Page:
One place you should definitely not miss out on is La Grenze next to the central train station. It is a very alternative and artsy spot and next to second-hand markets they also offer the Friperie Lolipop Vintage, ateliers, concerts, DJ sets and a bar area.

Books:

You want to improve your French by reading French books? Buying them second-hand is a great way to save some money and consume in a sustainable way. The Rue des Hallebardes and Place Kléber are the places to find second-hand book markets every Tuesday, Wednesday and Saturday from 9-18h. If your French is not that good yet you can be lucky to find books in other languages as well, or you could go for the children’s books to start with easy French language!

Food:

Picture by Christian Mackie

There are lots of markets around Strasbourg on different days of the week where you can go to buy fresh fruits, vegetables, bread, cheese and many other local and seasonal foods. 

My favourite market for quality cheese and local food is Place Broglie every Wednesday from 7-18h, but it can be a bit pricey. 

The cheapest market with the best price options is Marché Boulevard de la Marne every Saturday from 9-13h, and the last part that is closer to the Parc de l’Orangerie has cheap fruits and vegetables. If you go there around 12/12:30 they offer lots of baskets for €1 with leftover fruits and veggies that need to be eaten soon. You can use them for delicious fruit smoothies, French Quiche or oven-roasted vegetables. In that way, you prevent food waste and get a good price! Just remember to bring your own bag, otherwise, they will always give you plastic bags for everything you buy, and you end up with a whole collection of plastic bags.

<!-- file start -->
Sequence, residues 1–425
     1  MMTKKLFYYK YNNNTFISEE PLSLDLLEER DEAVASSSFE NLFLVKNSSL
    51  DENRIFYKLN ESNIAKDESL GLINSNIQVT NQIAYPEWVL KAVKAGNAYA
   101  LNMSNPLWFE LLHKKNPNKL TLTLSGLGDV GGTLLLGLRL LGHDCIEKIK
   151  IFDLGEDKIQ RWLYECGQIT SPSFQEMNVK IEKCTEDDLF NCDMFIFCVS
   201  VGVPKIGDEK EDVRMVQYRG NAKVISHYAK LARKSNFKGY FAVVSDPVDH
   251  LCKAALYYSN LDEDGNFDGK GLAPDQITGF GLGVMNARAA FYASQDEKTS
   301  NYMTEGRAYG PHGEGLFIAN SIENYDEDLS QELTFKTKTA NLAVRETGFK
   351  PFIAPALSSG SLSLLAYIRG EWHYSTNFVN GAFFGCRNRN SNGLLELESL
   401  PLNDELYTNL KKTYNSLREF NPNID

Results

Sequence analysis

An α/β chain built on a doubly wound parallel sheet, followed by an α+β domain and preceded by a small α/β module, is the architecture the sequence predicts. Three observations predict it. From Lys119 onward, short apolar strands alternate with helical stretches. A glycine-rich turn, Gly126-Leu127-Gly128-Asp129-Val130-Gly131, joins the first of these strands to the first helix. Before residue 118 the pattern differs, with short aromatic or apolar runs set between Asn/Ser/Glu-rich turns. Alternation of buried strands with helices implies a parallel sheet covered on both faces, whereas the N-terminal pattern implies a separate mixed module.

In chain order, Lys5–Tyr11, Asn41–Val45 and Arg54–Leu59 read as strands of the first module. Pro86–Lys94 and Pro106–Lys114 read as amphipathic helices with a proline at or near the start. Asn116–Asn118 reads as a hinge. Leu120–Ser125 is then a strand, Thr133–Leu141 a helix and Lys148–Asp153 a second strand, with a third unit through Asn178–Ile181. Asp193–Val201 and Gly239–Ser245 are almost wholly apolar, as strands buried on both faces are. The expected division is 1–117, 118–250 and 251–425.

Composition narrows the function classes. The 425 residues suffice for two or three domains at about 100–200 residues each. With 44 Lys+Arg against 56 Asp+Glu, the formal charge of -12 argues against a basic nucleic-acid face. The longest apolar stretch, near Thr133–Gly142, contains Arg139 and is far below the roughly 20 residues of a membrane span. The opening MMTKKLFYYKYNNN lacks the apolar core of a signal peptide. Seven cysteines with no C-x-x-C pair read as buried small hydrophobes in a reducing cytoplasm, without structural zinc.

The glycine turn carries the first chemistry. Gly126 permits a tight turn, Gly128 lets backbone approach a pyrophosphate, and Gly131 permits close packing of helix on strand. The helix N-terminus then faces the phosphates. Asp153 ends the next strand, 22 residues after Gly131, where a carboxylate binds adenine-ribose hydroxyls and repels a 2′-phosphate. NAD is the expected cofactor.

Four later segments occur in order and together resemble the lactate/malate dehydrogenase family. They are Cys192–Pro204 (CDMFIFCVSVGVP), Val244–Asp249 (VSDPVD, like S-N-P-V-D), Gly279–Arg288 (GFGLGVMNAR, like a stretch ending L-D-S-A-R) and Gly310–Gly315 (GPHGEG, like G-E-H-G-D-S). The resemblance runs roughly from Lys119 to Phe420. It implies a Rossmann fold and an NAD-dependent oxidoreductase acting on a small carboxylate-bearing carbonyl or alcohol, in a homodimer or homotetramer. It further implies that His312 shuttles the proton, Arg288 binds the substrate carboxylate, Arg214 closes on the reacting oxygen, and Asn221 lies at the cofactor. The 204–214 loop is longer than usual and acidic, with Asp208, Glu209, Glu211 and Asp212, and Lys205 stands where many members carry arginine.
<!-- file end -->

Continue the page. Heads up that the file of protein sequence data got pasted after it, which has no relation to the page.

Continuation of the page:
Naturalia is a bio-supermarket that sells regional and seasonal veggies and fruits without packaging, and also lots of vegetarian and vegan food. You can even bring your own Tupperware to buy cereals, couscous or grains.

Picture by Gabrielle Elleirbag

Kehl is the closest German city to Strasbourg, and you can easily go there by bike or tram. Basic food, fruits and vegetables are way cheaper in Germany than in France, especially at supermarkets such as Edeka, Lidl, Aldi or DM. In that way, you can try traditional German food and buy organic products at a more affordable price.